During the first week of December, the U.S. Army Corps of Engineers is planning on performing maintenance on one of the two electric barriers in operation on the Chicago Sanitary and Ship Canal. During this period the Canal will be shut down to all traffic for a period of four to five days. The electric barriers in the canal were put in place to stop the movement of Asian carp into Lake Michigan and the Great Lakes. Asian Carp pose a significant threat to the Great Lakes ecosystem because of their ravenous feeding and spawning habits. If introduced to the lake, the Asian carp would be very difficult to control and would quickly out-compete native species by disrupting their food chain and consequently become the dominant species in the lake. This would not only devastate the Great Lakes ecosystem but have a significant economic impact on the $7 billion fishery. Asian carp have been detected using environmental DNA testing in the canal below the barrier. Therefore, when the electric barrier is shut down for maintenance there is a fear that the Asian carp could travel down the canal to Lake Michigan. The Illinois Department of Natural Resources who is working with other environmental agencies such as the MWRDGC as part of the Asian Carp Rapid Response Group will be applying Rotenone, a fish poison, in the canal during the electric barrier shut-down. According to IDNR, the Rotenone will provide the highest level of certainty that Asian carp will not advance past the electric barrier when shut down. Rotenone will kill the Asian carp as well as other fish in the canal but when used properly does not present a risk to people or other wildlife.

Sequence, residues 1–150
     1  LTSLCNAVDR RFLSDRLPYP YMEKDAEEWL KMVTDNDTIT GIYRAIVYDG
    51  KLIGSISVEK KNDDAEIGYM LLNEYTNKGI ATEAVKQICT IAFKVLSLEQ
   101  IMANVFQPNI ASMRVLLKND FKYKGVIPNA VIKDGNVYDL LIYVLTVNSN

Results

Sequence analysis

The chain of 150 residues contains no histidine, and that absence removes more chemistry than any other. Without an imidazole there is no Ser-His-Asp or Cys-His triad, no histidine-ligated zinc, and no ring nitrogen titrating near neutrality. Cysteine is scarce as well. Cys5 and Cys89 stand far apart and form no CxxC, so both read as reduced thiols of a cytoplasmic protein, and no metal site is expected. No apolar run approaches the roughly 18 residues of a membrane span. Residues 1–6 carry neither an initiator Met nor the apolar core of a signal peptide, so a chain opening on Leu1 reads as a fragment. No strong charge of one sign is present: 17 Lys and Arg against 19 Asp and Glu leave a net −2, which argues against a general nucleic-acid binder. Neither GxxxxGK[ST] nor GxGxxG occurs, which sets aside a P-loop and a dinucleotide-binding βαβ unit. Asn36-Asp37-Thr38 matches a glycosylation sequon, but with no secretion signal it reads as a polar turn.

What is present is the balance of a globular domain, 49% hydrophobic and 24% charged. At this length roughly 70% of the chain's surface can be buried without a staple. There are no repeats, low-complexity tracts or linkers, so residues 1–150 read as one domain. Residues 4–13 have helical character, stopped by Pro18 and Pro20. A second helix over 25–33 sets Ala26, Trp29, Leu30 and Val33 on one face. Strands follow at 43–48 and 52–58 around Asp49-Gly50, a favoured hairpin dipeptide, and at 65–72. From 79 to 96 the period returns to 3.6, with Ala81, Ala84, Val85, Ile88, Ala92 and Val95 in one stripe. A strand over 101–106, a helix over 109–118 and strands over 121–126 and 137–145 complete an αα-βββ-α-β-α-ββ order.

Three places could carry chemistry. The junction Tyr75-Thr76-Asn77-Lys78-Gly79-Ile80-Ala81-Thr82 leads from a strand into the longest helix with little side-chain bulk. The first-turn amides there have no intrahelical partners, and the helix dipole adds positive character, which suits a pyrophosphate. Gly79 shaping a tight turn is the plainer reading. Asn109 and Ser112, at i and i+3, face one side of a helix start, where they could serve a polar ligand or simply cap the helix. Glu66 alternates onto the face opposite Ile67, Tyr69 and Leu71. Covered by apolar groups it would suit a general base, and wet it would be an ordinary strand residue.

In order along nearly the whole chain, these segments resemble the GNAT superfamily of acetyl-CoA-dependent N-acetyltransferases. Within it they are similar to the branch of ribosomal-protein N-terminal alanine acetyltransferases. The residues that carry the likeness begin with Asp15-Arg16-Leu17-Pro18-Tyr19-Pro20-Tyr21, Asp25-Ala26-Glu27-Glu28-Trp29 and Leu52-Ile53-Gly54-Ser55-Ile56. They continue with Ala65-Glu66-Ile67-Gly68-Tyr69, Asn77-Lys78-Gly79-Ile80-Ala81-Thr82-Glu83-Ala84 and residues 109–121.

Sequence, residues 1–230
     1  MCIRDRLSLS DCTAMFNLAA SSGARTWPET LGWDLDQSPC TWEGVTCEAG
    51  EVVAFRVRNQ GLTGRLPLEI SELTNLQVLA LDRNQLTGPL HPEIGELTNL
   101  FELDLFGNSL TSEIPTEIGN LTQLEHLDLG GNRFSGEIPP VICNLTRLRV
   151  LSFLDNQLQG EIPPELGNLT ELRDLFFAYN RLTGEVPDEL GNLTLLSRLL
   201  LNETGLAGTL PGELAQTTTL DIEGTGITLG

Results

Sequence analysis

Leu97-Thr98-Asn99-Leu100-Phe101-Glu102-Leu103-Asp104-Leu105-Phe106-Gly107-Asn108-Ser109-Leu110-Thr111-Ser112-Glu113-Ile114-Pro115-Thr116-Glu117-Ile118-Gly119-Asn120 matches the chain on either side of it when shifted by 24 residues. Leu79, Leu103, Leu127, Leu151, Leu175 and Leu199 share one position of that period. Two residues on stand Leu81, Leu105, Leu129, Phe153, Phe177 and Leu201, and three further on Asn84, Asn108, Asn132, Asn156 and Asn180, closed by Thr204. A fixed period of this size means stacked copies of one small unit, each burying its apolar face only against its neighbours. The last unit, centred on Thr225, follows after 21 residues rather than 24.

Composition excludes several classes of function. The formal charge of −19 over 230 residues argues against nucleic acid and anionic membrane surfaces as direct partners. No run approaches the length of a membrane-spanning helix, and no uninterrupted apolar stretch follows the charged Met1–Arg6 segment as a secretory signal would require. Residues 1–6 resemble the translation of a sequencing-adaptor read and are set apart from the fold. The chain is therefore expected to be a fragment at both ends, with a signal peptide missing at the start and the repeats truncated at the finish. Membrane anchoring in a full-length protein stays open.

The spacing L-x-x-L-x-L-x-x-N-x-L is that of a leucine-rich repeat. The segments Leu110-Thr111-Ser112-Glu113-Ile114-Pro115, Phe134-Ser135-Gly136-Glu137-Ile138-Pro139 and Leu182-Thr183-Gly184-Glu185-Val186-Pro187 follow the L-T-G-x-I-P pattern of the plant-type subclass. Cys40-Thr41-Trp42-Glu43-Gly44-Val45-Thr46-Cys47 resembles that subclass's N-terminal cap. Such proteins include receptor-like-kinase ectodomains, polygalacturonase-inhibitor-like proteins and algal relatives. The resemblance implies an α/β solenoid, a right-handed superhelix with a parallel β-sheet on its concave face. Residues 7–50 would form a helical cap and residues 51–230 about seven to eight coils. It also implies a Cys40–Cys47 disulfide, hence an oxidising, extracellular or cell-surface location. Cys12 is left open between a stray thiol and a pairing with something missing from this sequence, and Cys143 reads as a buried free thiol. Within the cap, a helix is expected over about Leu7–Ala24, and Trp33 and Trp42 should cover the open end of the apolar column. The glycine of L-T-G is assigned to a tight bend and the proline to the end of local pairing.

For more information read the IDNR press release and Asian carp FAQ.